His primary suppliers are Integrated Supply Network, where he enjoys dealing with Robert Yanez, Weiss Tool Distributors, Triple A Tool in nearby Torrance, where he buys from long-time friend Lloyd Wright and takes advantage of the Sequoia tool storage line, as well as tapping into the same day pick-up provided by Mike Feges and Feges Tool.
You Gotta Love It
For 32 years Zdenek has succeeded in a business where about 15 percent fail in the first two years. The reasons behind his longevity stem primarily from one attribute that can’t be taught, and another that must be learned.
“I still have a few customers from my Snap-on days,” states Zdenek. “One of the most important things I’ve learned is that it’s as much about me as it is the products. I enjoy what I do and people can tell. Personality is so important in this business. When you make the customer feel good, they like working with you.
“I also make a point of listening to everybody’s problems, but I never tell them mine. They know that I got hit pretty hard by that fire, but on the bright side, I didn’t lose anybody. The bottom line is that there’s a reason for everything, so you just persevere, do things the right way and trust that it will work out.
"My feeling is that things happen for a reason, so you take what you’ve got and do the best you can to make it better. It’s all about having the right attitude. Customers see that and appreciate it.”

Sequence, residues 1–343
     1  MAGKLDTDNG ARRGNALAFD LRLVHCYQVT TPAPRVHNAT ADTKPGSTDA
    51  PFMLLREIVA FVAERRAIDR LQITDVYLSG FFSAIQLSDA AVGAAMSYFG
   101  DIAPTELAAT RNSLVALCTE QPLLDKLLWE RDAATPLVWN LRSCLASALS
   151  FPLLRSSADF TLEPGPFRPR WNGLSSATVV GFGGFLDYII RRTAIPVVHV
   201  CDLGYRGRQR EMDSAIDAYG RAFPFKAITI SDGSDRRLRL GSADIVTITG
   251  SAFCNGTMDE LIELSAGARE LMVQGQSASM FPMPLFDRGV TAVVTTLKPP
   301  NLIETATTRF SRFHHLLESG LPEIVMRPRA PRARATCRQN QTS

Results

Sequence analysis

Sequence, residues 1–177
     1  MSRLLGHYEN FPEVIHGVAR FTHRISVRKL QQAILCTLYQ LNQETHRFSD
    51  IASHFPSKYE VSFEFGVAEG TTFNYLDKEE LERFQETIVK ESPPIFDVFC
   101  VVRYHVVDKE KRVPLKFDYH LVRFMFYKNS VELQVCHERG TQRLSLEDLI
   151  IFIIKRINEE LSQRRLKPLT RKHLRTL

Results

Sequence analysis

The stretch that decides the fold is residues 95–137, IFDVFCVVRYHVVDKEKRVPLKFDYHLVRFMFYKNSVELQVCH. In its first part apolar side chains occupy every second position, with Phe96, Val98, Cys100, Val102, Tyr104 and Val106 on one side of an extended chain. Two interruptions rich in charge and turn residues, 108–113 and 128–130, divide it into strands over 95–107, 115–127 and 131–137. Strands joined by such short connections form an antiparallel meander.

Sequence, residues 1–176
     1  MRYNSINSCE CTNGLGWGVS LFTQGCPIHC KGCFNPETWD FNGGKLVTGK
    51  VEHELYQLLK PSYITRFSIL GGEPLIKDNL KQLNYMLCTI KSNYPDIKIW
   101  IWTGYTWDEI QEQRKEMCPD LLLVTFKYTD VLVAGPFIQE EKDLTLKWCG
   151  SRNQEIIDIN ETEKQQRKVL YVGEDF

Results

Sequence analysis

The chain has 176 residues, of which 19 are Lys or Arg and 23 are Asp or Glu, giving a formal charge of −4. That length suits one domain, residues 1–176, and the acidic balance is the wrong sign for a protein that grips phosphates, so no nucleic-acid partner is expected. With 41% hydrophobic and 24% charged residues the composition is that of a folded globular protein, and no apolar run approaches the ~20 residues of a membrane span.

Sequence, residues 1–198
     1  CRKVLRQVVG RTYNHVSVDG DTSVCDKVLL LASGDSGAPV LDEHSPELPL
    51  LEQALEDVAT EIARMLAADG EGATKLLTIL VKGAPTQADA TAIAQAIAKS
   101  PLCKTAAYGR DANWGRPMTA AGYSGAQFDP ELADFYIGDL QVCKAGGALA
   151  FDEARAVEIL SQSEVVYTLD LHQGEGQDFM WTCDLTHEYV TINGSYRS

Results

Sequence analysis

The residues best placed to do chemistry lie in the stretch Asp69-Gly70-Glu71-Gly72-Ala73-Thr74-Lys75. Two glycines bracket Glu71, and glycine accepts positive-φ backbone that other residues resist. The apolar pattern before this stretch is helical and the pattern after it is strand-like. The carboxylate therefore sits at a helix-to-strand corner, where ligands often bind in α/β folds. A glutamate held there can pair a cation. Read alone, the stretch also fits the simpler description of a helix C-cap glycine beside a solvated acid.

His personality is especially helpful in dealing with a significant number of Spanish-speaking customers. Even though he doesn’t speak much Spanish, this group still trusts him and has proven to be a great customer base.
Zdenek has also learned the importance of getting people on the truck. To improve his foot traffic he always has candy, cookies or donuts at the ready, and lays down a rubber mat on the truck’s floor to provide a more comfortable environment for his customer’s tired feet. But more importantly, his shelves are stocked with what his customers want and need.
“I carry what my customers tell me to carry. If they ask about it, I find out how to get it as quickly as possible and have it to them either the next day, or the next time I see them. That’s one of the reasons I buy from more than one source. And if I’m going to sell one, I’ll buy two more. So I price shop each of the WDs to get the best deal for me and my customer.
“I also look through Professional Tool & Equipment News, as well as the different fliers and catalogs I receive. My goal is to find the products that I know will save my customers time and make them money. Because if I can get excited about it, so will they.
“I’m not afraid to break-up sets either,” he continues, “to fill in what they need, like one socket or a missing piece. I’ll just re-order that particular item later. The key is to have whatever they ask for and never hassle them about warranties. I’ll just take care of it and figure out what I need to do later. To help save them money, I’ll also order the part and let them replace or fix a tool themselves.”
All of these best practices and lessons learned have helped Zdenek build a successful business and a comfortable lifestyle. With some hard work and a positive attitude, he’s confident both will eventually return to the way they were.
A number of cultures tell stories of the mythical Phoenix, a bird that would consume itself in fire, only to be re-born from those same ashes. Upon re-birth the bird was stronger, wiser and more colorful. In looking at the before and after pictures of Al Zdenek’s tool truck, you can see he’s emerged from the ashes in a similar fashion.